Monday, October 3, 2011

The Rise of Political Parties

"The reign of party spirit in the United States began with the adoption of [the Constitution] by the Convention. Between this date and that of its ratification by the States the Federal and Anti-Federal parties struggled for supremacy, the former being in favor of a strong central government, the latter favoring the practical independence of the States. The ratification of the Constitution by the States ended this contest. The prominent Anti-Federalists announced their intention of supporting the Constitution, and for several years there was practically but one party in the country. George Washington was the first President elected, the electoral vote in his favor being unanimous. John Adams was chosen for Vice-President. Until about 1824-28, electors were generally chosen by the State legislatures, not by the direct vote of the people, as since that period. The two persons receiving the highest electoral vote became respectively President and Vice-President.

Opposition to the Federal party began in 1790, when Hamilton broached a project for the assumption of State debts by the central government. It grew stronger in 1791, when he proposed to establish a national bank. Jefferson, who had been the first Secretary of State, was now found at the head of a party in open opposition to the administration. This party, though adopting the name of Republicans, advocated the principles of the older Anti-Federalists, claiming that there was a scheme to subvert the State governments and establish a strong central government, and denouncing the Hamilton party as monarchists. Democratic clubs soon after arose, instigated by, and imitating many of the follies of, the Jacobin revolutionists of France. They had the one good effect of introducing political discussion among the masses of the people, and in a few years the Democrats coalesced with the Republicans as a single national party. The Federalists, however, continued in the majority, and in 1792 Washington and Adams were again elected President and Vice-President.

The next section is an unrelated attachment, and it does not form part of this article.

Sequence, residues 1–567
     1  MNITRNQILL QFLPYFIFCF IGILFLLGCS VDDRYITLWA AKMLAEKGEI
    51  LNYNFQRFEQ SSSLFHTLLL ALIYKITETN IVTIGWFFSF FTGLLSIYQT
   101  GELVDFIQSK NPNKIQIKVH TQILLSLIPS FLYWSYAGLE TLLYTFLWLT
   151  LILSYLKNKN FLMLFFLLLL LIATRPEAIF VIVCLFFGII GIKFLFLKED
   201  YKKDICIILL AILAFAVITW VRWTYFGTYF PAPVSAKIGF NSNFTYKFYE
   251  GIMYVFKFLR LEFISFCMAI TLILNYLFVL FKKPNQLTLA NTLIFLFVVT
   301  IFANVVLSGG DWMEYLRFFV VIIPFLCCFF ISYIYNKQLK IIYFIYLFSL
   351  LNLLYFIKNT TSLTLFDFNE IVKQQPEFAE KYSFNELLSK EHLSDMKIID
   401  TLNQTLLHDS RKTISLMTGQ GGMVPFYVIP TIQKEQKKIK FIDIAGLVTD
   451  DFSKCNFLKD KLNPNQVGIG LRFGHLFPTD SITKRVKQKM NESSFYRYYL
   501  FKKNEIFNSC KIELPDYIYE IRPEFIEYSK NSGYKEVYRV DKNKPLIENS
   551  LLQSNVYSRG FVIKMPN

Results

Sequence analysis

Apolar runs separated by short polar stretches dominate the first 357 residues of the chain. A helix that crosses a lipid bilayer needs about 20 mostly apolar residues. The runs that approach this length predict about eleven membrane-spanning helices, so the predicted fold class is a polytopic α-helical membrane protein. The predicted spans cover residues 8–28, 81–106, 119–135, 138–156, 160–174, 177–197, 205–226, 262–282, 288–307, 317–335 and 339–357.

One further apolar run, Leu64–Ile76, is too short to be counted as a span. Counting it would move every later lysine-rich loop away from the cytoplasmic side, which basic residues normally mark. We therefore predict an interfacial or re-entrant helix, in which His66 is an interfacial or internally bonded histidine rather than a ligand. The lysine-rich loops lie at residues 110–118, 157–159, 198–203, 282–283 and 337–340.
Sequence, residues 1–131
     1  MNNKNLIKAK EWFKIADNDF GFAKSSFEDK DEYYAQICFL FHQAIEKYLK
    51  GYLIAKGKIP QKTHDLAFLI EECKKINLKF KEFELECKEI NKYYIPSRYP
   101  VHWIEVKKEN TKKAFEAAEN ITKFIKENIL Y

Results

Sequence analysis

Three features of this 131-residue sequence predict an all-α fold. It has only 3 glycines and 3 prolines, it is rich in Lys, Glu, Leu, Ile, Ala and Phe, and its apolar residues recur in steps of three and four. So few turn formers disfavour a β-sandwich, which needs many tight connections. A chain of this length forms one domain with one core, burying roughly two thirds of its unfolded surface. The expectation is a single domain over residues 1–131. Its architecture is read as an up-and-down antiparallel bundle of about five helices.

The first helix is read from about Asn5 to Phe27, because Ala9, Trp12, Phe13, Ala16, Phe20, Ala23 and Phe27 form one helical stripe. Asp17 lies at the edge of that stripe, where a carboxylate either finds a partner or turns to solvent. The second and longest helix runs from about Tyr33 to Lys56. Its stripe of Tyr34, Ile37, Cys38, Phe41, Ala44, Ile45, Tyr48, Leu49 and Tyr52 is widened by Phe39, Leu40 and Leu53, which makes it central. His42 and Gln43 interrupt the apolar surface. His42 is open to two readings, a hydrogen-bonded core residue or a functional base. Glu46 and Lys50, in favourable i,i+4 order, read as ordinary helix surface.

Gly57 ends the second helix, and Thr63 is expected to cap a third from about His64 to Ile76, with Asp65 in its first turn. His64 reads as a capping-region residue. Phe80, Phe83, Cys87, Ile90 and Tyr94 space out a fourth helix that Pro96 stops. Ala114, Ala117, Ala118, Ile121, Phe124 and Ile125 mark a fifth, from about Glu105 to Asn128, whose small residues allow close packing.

During this second term the power of the Republican party rapidly increased. The acts of the administration were fiercely attacked, and when, at the approach of a new election, Washington announced his intention to retire, a hot political contest arose, which nearly resulted in a Republican victory. Of the electoral votes Adams received seventy-one, and Jefferson sixty-eight, the latter receiving all but two of the Southern votes. The new administration was therefore organized with Adams for President and Jefferson for Vice-President.

The financial condition of the country had now greatly improved. A sound credit was established, funds were provided for the payment of the national debt, and treaties were concluded with the Indians and with several of the European powers, while a very rapid increase in population and in agricultural and commercial wealth had taken place. During the summer of 1800 the seat of government was removed from Philadelphia to Washington, as at that time the centre of the country. The Republican party continued to develop in strength, mainly on account of the passage of laws which tended to strengthen the central government, and which were unfavorably received by the people. The "Alien Law," which empowered the President to order from the country any foreigner whose presence he deemed dangerous to the public safety, and the "Sedition Law," which visited with fine and imprisonment "any false, scandalous, or malicious writing against the government of the United States, or either House of Congress, or the President," were deemed tyrannical measures; while the effort to pass an act establishing a standing army added to the unpopularity of the Federalists. In the election of 1800, therefore, the Republicans were victorious. Jefferson became President, and Aaron Burr, who had prominent control of the Democratic party, was made Vice-President. Jefferson and Burr, indeed, received an equal number of votes, and Congress had to decide between them. With this election the power of the Federal party ceased, and for many years thereafter the "State Rights" Democratic-Republican party continued in the supremacy. The effort to strengthen the central government unduly at the expense of the power of the States had failed, and the Federalists, as a distinct party, gradually vanished from existence."

Hubert H. Bankcroft, ed., The Great Republic By the Master Historians, Vol. II (c. 1900)

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